Last year we let you know that the Greenlee School—among the longest, continuously-accredited journalism and mass communication programs in the country—was preparing for re-accreditation. Re-accreditation gives us national status. About 450 colleges and universities offer formal programs in journalism and mass communications and about 1,000 institutions offer some training in these fields. But only 115 enjoy full accreditation.
We were among the first to be accredited in 1948 and have maintained that status continuously to this day.
We undergo re-accreditation every six years. For the past two years the Greenlee School prepared for our Oct. 25–28 site visit by a prestigious team of academics and practitioners. Peter Bhatia, editor of the Cincinnati Enquirer, was chair.
In the summer of 2015, we sent the team our self-study, assembled by the Greenlee School’s standing committees. We sought compliance in each of the nine standards that ensure our advertising, journalism and mass communication, and public relations majors are receiving a quality education.
The Accrediting Council on Education in Journalism and Mass Communication evaluates programs to affirm that its values and competencies are addressed. Those values and competencies include understanding media law, history and ethics; appreciating inclusivity and other forms of diversity; demonstrating and applying theoretical principles; thinking critically; writing correctly and clearly across media platforms; mastering basic numerical and statistical concepts; and using tools and technologies in the communication industries.
The site team had a busy schedule, meeting with faculty, students, staff, and college and university administrators. It investigated our claims in the self-study and then used its final day at Greenlee to write its draft report.
Among the strengths of the school, the site team praised the leadership, the support of junior faculty, a demanding internship program, “off-the-chart” placement rates (almost 100 percent), faculty known for collegiality and quality instruction, and “motivated students who represent the school well across the campus and in the professions.”
The following are excerpts from the ACEJMC site team’s accreditation report:
Governance: The Greenlee School is a model for effective leadership, shared governance and smart planning. It is led by an outstanding director who has taken the school to new heights.
Curriculum: The Greenlee School has been meticulous in ensuring that students receive a strong liberal arts and sciences education. … Students receive a balance of theoretical and skills class within the school.
Diversity: Its student body has a higher percentage of ethnic minorities than the university or the state of Iowa. The curriculum and culture are inclusive of minority issues, events and discussion.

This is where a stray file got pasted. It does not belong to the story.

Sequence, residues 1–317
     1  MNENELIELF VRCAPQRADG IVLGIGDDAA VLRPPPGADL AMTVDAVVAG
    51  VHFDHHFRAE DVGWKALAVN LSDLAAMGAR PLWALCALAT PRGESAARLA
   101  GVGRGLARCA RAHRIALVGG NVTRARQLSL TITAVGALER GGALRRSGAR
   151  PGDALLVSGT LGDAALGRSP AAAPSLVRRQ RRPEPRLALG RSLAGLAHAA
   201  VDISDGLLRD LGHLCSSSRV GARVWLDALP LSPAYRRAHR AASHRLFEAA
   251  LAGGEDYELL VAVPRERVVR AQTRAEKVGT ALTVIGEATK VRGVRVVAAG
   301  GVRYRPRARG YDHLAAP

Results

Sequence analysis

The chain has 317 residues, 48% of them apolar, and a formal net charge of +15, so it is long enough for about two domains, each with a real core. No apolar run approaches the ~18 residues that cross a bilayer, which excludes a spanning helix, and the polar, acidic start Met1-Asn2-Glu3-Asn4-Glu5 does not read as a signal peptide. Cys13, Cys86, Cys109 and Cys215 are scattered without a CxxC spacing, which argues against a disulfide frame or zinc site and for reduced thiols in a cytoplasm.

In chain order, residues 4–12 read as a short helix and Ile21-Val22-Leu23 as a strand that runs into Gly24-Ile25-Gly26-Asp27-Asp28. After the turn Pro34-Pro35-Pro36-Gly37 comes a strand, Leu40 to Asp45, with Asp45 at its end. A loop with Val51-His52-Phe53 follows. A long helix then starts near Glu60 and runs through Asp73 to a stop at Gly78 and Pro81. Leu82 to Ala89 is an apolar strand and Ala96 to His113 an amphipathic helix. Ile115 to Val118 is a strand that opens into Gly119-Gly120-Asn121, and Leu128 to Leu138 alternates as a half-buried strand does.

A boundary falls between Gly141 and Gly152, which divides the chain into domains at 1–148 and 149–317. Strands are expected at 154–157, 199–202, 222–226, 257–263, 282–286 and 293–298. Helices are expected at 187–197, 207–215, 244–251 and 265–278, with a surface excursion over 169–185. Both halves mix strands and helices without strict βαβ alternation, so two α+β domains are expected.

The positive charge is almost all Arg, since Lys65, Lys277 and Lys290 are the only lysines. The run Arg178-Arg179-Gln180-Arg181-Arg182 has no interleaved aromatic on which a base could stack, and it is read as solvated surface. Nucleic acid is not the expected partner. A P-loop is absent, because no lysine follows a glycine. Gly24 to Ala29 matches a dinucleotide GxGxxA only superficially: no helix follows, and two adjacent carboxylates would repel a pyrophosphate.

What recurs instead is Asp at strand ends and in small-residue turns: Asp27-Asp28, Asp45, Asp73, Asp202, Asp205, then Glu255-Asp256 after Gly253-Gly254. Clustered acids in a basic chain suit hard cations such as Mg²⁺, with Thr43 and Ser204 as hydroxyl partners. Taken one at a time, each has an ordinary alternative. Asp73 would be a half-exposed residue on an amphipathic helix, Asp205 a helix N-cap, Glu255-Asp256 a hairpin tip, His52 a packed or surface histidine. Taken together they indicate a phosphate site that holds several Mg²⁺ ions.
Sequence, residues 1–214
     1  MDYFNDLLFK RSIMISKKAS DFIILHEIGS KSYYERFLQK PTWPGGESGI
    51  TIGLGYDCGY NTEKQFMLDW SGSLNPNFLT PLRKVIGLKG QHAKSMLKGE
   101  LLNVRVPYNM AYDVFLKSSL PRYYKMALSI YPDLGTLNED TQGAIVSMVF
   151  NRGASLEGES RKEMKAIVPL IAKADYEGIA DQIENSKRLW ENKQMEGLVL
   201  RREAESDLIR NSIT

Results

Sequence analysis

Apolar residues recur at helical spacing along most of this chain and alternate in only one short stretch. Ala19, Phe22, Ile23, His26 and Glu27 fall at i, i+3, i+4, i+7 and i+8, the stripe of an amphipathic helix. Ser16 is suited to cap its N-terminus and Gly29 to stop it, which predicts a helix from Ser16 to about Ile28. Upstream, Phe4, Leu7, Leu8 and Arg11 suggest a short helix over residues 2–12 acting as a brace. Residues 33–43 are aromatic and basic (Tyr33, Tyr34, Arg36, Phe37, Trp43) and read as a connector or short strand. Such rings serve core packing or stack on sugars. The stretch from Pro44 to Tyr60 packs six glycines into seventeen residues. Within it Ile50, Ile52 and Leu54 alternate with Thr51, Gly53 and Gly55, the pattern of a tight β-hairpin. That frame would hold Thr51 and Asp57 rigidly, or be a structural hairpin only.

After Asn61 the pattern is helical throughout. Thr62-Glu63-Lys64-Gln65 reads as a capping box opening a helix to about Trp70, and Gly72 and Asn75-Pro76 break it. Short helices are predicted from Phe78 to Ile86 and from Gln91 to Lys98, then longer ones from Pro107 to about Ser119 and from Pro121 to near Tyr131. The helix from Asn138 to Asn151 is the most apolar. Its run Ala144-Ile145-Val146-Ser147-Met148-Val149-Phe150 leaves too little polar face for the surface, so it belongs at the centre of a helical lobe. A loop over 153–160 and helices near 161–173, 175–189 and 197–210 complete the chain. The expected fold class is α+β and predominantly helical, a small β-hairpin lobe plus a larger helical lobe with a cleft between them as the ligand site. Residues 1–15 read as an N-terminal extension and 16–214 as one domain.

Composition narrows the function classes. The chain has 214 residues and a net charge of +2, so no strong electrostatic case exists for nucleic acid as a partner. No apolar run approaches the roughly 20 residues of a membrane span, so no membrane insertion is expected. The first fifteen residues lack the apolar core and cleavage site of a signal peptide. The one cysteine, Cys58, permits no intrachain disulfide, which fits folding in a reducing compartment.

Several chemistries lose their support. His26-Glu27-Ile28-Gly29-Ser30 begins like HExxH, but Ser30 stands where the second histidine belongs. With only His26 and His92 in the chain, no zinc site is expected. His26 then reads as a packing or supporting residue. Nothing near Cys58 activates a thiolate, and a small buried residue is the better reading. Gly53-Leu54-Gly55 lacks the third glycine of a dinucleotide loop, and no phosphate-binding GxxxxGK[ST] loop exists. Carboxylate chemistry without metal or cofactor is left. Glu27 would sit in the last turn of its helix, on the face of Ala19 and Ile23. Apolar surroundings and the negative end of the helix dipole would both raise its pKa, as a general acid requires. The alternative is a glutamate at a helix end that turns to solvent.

Faculty: The faculty members are dedicated, hard-working and respected by their colleagues across campus. They are committed to enhancing the program and preparing the students to become successful professionals upon graduation.
Scholarship: Faculty scholarship is plentiful and regular at Greenlee. Junior faculty report a supporting environment with clarity as to the path they should pursue to eventually gain tenure.
Student Services: The site team found the academic and career advising systems, extracurricular activities and online presentation of data meet accreditation standards. Upon graduation, students are prepared for diverse careers in a rapidly evolving profession.
Resources: In fact, creative use of space is the norm at Greenlee. Two years ago, the school converted an open lab and reading room into a digital newsroom.
Public Service: The school regularly consults and communicates with alumni. It serves the professions and the public by reinforcing the principles of journalism and mass communication education. The school manages public events, community service projects and various scholastic journalism activities.
- Assessment: [The Greenlee School] has embraced assessment … including the crucial use of feedback to “close the loop,” thus improving, changing and evolving instruction.
The site team also said this about our self-study: “The self-study was outstanding, the result of a collaborative process that involved significant work in advance by faculty committees. It was printed and bound, making the site team’s work much easier. In addition, graphics and charts used extensive color. This was a model for doing it right.”
In sum, the Greenlee School was found in compliance on all nine standards. But our re-accreditation is not yet official. We’ll report on that in the next edition of the Glimpse.
For the moment, we are awaiting two more important meetings. One is scheduled March 19-20 in Chicago and another in early May. The Accrediting Committee reviews the self-study and site team report and makes a recommendation to the Accrediting Council. Then our status will be affirmed or modified.
Because we are going into these meetings with no non-compliances, we are optimistic about the rest of the process.
We are also optimistic about the future of the Greenlee School, whose enrollment has grown from about 600 students five years ago to 870 today—an increase of about 45 percent. We take pride in the accomplishments of our students, alumni, faculty and staff. Reading the pages that follow, you’ll be inspired by our students and your fellow alumni whose successes demonstrate the value of a Greenlee degree.